Growing up in Argentina, Eugenia Ermacora would spend summers with her parents on the beaches of Brazil. She’s been an ocean-lover and an environmental advocate since she was a little kid, sharing the story of how her small Argentinian town was threatened by a paper plant that was to be built alongside the community’s river. The plant would have polluted the river and threatened its biodiversity.
“I was very conscious of water pollution, and then when I started diving and really connecting with the underwater world, I saw the beauty and then I saw trash,” Ermacora says.
Describing surfing as “a calling,” she got to know Surfriders through a friend and was initially involved with its Ocean Friendly Restaurants programme, which recognises the role restaurants have to stop plastic pollution from entering the ocean. She became the chapter’s chair soon after.
She has particularly been involved in policy work, even heading out to Washington D.C. to lobby for anti-pollution legislation. “That was very empowering for me because I was able to, as a constituent, raise up my voice and talk to our representatives,” she said. “I was representing our community on issues that really matter.”
Ermacora was advocating for the Break Free From Plastic Pollution Act, a proposed law that would regulate the production of single-use plastic. Forty per cent of all plastics are created to be used just once, making them a significant contributor to pollution.
Ermacora has not only felt empowered professionally through her campaigning work with Surfriders, but personally, her advocacy inspired her to quit her former job in fashion in the entertainment industry. After she became involved with Surfriders, she decided to go back to school and earn her certificate in sustainability from UCLA Extension, the university’s continued education institution. She now works for a zero-waste company.
She is proud of the impact she can create, inspiring people locally to take action, even all the way in her hometown in Argentina. “They heard a story about me here and I inspired some of my friends from childhood to get into ocean and water protection. That was very humbling and very special.”
Grant Mitts joined Surfriders as a way to meet new people. He had been here for eight years but found himself with fewer friends after the pandemic ended. “It’s hard to meet people in LA sometimes, but if you just go out and look, there are opportunities.”
He’s surfed before, but not frequently, finding it much more fun when done with friends. That’s when Surfriders came in. Some of its events attract nearly 200 people, so it’s a way to meet folks from all walks of life, while also helping to keep beaches clean.
“I’m proud of how much I’ve gotten better at surfing, because I’ve got a lot of friends that will go out with me and we’ll have fun,” he says. When surf days are really good, he often wakes up at 5:30am or earlier, to beat the crowd. “We’ll also do stuff outside of surfing, too, which has been a blast. I’ve gone to several concerts with people and have got some more lined up ready to go.”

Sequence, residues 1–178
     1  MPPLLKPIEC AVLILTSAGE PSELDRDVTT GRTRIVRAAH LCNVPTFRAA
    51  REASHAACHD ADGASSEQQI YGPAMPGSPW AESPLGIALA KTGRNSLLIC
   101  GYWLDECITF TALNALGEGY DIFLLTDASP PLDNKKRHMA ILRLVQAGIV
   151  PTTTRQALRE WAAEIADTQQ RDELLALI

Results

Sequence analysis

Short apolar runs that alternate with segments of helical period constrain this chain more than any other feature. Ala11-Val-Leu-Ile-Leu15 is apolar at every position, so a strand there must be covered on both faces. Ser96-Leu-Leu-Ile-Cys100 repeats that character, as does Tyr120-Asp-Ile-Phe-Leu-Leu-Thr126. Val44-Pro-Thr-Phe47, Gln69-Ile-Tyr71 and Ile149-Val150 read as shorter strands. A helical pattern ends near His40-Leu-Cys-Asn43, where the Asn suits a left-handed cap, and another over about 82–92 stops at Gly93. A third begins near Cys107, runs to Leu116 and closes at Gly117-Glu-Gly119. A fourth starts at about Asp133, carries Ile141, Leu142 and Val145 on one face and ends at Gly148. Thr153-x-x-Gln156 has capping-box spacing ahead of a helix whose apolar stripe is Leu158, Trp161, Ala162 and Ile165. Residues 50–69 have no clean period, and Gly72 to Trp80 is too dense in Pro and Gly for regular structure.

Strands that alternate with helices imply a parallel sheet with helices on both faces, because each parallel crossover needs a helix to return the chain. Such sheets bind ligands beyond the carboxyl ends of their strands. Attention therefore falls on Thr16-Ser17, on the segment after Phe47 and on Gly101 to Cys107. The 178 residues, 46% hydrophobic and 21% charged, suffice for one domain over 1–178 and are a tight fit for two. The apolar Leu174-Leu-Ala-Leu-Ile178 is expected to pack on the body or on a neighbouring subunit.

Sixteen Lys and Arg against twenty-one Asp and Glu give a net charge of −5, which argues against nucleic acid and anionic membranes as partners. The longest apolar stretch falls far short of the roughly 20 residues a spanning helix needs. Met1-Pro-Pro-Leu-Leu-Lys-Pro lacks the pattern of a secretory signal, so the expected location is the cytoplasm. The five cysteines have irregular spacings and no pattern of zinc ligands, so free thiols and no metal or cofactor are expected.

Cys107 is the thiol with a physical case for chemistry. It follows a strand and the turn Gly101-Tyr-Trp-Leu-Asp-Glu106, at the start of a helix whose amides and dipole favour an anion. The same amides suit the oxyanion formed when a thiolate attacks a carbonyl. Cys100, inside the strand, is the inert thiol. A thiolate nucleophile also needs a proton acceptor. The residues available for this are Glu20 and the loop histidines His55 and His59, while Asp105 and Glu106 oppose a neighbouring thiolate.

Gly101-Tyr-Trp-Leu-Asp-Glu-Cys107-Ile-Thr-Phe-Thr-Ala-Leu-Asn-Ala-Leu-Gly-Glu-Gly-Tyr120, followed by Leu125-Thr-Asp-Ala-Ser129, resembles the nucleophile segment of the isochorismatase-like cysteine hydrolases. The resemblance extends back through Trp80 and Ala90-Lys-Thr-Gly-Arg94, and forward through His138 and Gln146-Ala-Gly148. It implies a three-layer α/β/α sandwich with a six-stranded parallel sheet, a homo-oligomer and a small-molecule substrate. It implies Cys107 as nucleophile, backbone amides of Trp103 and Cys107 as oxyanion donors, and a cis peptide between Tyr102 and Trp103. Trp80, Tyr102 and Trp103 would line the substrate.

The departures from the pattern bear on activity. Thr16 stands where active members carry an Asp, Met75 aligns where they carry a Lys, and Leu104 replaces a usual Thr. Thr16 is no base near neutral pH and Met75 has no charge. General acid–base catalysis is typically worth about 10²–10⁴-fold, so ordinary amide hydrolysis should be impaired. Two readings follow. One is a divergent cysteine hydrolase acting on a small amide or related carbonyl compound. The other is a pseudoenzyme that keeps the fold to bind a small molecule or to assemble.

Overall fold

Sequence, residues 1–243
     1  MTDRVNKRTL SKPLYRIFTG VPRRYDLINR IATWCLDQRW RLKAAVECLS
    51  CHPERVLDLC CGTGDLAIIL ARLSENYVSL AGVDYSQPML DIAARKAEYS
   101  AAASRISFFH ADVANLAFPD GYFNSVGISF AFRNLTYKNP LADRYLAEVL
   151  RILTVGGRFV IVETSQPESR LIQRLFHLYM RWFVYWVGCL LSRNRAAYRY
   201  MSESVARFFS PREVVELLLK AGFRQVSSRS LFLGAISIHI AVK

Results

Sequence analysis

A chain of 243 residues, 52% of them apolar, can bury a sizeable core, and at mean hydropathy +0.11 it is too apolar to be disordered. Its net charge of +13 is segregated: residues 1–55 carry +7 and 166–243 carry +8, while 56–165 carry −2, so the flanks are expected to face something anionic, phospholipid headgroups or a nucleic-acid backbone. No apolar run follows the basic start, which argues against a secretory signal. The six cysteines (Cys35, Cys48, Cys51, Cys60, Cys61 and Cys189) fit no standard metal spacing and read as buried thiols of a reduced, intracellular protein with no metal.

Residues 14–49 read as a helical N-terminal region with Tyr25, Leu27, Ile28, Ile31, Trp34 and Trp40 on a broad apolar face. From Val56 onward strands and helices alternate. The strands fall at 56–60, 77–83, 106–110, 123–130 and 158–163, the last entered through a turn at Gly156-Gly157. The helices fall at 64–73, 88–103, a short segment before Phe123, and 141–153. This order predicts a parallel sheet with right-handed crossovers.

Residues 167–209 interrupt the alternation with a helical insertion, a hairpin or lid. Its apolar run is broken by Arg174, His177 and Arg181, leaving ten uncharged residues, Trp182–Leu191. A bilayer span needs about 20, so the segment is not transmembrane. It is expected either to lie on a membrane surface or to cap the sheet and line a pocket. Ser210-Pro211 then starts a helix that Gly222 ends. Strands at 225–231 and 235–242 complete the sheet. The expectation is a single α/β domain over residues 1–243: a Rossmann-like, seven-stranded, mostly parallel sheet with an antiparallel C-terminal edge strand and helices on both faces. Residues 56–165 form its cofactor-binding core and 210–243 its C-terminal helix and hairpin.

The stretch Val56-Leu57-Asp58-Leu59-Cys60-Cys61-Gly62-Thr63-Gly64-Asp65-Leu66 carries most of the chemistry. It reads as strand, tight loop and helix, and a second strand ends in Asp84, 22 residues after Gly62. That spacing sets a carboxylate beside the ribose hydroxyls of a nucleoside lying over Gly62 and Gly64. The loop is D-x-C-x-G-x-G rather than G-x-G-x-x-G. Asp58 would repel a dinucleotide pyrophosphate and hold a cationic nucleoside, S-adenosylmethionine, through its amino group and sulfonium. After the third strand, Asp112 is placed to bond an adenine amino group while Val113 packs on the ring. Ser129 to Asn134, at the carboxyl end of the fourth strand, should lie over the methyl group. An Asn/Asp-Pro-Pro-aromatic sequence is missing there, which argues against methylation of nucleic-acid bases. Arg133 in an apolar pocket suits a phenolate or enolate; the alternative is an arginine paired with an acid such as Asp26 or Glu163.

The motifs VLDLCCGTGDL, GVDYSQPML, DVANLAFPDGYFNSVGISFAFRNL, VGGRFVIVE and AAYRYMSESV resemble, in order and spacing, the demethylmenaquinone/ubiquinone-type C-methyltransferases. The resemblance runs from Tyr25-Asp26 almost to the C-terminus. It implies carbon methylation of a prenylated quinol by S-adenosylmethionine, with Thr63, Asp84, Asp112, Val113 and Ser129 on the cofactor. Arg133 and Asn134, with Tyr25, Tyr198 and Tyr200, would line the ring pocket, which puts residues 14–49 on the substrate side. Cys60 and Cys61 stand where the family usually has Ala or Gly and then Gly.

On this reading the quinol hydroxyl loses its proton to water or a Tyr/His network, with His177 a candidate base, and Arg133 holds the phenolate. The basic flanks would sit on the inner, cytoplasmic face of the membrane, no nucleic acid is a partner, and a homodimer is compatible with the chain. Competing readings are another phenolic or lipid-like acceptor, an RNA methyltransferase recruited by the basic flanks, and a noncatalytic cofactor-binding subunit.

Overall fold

The community Mitts has been able to join and create for himself at Surfriders even inspired his mom to get involved with her local Surfriders chapter.
“She’s retired so she’s just like, ‘Well, that job just ended. I’m going to spend my time doing volunteer work with the Maui chapter. It was super cool.”
Though she was born near Laguna Beach, California, Tatiana Vaz grew up in Washington D.C. When she moved back to the Los Angeles area to study she knew she wanted to reconnect with the oceans she was born by.
“I started going surfing with some friends, and it’s very therapeutic for me just being able to sit out in the water and float,” Vaz said. “It’s kind of like a safe space for me whenever I want to escape the craziness of LA.”
It’s her own connection to surfing and the ocean that inspires Vaz’s work with Surfrider LA’s One Watershed Program, a beach access and equity initiative that brings youth from underrepresented communities in LA to the local beaches for a day of surfing lessons. The programme also includes educational conversations about marine and coastal environments.
“I think there’s this common misconception that if you live in California, and you’re from LA, you go to the beach all the time; you’re an incredible swimmer,” Vaz said. “And that’s a reality for some people. But it really shocked me to hear that there are people that have lived in LA their entire lives and have stepped foot in the water maybe once in like 20, 30 years.”
Common obstacles include: finding time outside their jobs to go to the beach, transportation costs, parking costs and gear costs.
She sees the One Watershed programme as an opportunity for kids to know what they are capable of, through experiencing the ups and downs of learning how to surf. It’s also a way to explore the ocean as a place of calmness and outlet for physical and mental health – which these communities often don’t have easy access to. In order to put these day camps together, One Watershed partners with different organisations across Los Angeles County such as the Salvation Army, Los Courage Camps and the Black Surfers Collective.
For Vaz, the One Watershed program and Surfriders’ overall goal of increasing beach access is essential to the mitigation of climate change and ocean pollution. “When you have fantastic experiences in the water, you’re more likely to want to protect the ocean,” she said.
For her, it’s a way of giving back to communities that did not grow up with the same privileges she had. “I enjoy giving back and it’s something that brings joy to my life and I love the people that I work with and I love kids, so everything aligned with this programme,” she said. “They’re all such incredible humans that dedicate their lives to helping others and it’s a really fantastic community to be a part of.”